Imagine being in a foreign country, where no one understands you and try as you might, you cannot get your message across – this is what it is like every day for a child with Primary Language Disorder. Primary Language Disorder (or specific language impairment) affects approximately one in 14 of our population. These children look like any other child, they do not have autism and are not intellectually impaired. They have profound difficulty comprehending even the simplest of instructions and structuring their language to tell someone their needs and wants. They can become frustrated, isolated from their peers and have significant difficulty engaging in their education.
CHI.L.D Association has been helping children who have Primary Language Disorder and their families for over 30 years. The Glenleighden School, in Fig Tree Pocket, Brisbane, is the only school of its kind in the southern hemisphere, specifically catering to the needs of children with Primary Language Disorder. CHI.L.D also runs a clinic and an outreach service, seeing children all over Queensland, and provides an eTherapy program for remote and isolated children.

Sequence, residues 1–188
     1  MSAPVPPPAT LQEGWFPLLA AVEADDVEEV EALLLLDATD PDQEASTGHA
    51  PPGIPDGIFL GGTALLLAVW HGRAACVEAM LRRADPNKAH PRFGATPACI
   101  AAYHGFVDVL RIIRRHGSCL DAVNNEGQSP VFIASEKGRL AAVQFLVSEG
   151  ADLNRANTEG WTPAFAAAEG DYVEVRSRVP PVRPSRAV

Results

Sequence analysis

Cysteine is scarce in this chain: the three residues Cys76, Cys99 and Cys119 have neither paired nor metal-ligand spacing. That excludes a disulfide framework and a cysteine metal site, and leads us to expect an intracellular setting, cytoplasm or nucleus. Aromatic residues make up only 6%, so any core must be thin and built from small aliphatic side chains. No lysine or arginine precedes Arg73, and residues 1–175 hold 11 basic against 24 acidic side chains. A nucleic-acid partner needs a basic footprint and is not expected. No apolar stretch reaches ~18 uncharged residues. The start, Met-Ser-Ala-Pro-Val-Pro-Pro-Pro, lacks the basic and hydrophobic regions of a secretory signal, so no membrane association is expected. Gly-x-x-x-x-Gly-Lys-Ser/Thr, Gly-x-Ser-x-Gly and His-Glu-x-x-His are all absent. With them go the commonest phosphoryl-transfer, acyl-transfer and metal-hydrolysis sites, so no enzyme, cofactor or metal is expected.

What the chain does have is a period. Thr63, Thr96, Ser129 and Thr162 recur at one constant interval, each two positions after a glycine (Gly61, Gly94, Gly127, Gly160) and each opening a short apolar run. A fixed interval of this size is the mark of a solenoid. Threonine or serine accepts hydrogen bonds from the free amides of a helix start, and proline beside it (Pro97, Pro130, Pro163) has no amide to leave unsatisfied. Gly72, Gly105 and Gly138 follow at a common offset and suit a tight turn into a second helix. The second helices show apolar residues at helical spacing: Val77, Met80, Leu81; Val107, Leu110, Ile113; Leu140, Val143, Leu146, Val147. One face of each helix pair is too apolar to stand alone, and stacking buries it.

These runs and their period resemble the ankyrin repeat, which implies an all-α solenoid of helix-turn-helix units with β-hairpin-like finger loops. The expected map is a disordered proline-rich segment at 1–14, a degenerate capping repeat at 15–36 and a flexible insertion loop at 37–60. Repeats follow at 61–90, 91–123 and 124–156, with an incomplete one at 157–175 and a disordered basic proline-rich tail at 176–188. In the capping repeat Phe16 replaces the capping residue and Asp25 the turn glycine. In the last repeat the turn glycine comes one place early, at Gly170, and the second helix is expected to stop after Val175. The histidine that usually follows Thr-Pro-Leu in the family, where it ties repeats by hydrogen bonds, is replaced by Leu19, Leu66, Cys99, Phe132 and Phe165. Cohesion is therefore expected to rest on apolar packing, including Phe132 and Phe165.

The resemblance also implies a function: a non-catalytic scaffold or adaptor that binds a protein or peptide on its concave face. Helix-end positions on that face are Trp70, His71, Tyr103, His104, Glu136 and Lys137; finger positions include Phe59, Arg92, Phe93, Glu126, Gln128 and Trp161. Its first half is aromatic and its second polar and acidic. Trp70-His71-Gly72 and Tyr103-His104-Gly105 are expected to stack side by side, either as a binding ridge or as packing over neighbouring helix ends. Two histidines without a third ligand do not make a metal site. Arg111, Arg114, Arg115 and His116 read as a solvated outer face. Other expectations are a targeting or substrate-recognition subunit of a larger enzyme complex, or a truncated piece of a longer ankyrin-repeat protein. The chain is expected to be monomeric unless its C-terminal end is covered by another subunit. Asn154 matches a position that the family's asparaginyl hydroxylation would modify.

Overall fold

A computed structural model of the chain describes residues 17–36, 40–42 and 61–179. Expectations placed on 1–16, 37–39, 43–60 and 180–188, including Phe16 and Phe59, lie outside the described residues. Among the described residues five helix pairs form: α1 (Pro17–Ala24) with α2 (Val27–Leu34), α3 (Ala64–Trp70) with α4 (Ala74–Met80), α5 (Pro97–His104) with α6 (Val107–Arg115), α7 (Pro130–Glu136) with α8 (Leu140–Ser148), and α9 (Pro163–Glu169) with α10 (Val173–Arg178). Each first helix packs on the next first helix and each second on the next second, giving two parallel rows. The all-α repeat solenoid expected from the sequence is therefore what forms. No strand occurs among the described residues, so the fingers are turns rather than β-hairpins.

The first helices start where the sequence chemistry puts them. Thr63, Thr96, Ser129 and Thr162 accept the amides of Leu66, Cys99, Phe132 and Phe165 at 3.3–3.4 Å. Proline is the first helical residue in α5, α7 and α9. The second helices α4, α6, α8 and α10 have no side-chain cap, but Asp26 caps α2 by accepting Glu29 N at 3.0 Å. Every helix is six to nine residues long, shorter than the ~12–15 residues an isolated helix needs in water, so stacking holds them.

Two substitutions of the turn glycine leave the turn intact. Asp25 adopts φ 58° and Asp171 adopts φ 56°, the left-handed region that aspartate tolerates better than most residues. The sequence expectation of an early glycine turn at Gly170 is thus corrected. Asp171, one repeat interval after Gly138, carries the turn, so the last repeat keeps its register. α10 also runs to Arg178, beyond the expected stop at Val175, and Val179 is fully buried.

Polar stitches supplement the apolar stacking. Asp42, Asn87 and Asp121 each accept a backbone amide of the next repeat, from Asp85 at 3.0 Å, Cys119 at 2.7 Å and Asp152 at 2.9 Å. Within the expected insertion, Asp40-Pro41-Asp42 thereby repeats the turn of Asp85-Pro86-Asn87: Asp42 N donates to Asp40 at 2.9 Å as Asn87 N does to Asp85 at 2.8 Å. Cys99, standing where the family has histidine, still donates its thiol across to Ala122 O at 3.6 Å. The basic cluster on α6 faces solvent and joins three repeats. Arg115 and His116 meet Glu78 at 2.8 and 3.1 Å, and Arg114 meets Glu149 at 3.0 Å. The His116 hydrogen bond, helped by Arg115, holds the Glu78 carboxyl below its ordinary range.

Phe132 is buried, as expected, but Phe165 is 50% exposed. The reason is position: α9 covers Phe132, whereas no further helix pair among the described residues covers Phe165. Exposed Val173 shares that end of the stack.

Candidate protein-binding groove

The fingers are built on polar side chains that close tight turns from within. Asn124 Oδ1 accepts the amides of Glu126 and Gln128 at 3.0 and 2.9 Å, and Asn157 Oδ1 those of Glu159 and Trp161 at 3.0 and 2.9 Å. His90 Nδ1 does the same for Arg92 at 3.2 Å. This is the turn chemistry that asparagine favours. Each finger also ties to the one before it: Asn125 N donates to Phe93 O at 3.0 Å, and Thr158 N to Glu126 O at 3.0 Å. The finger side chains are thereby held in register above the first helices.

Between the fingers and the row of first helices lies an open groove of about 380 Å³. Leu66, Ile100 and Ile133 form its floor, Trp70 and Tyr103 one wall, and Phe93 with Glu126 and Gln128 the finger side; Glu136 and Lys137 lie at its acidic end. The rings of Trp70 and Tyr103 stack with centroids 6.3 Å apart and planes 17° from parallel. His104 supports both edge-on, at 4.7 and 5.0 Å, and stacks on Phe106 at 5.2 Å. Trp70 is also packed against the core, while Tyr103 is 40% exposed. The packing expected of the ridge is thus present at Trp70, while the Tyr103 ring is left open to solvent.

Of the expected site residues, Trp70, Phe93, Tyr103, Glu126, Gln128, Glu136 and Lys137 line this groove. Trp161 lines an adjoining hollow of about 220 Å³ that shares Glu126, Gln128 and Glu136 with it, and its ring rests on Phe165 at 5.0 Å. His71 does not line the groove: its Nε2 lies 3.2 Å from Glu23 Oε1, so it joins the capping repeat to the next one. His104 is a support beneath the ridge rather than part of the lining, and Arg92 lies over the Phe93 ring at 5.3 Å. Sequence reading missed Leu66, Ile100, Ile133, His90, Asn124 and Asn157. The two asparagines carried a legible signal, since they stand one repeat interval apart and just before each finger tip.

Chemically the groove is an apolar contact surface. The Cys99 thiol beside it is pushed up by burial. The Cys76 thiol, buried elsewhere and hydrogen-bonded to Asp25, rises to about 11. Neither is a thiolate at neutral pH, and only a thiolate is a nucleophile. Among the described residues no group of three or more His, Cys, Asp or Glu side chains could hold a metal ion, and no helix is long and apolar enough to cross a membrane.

People around Australia and the world travel great distances to attend Glenleighden to help their children. Pam and Murray sold their Melbourne home and moved more than a thousand kilometres so their son could attend.
Carolyne and Mick did the same, but in the opposite direction from Cairns. For another family it was even further. Three thousand kilometres in fact. From Darwin. One mother made the move from Townsville. Another sold up too and relocated from Toowoomba. A third drove the 240km round trip from Toowoomba every day for a year until her little boy could be transitioned to a local school. Elena and Marcello said goodbye to their home, their friends and families and shifted too … from Sydney. Julie’s husband couldn’t just sell the family property in Moree in central western New South Wales, so Julie took her little girl and set off for Brisbane to find a place to rent. They commuted back to their home eight hours drive away during the holidays. And so on. One little boy and his mum came from New Zealand. Another family from Adelaide. One grandad drives 1000kms a week to take his grandson to Glenleighden. And has done so for years.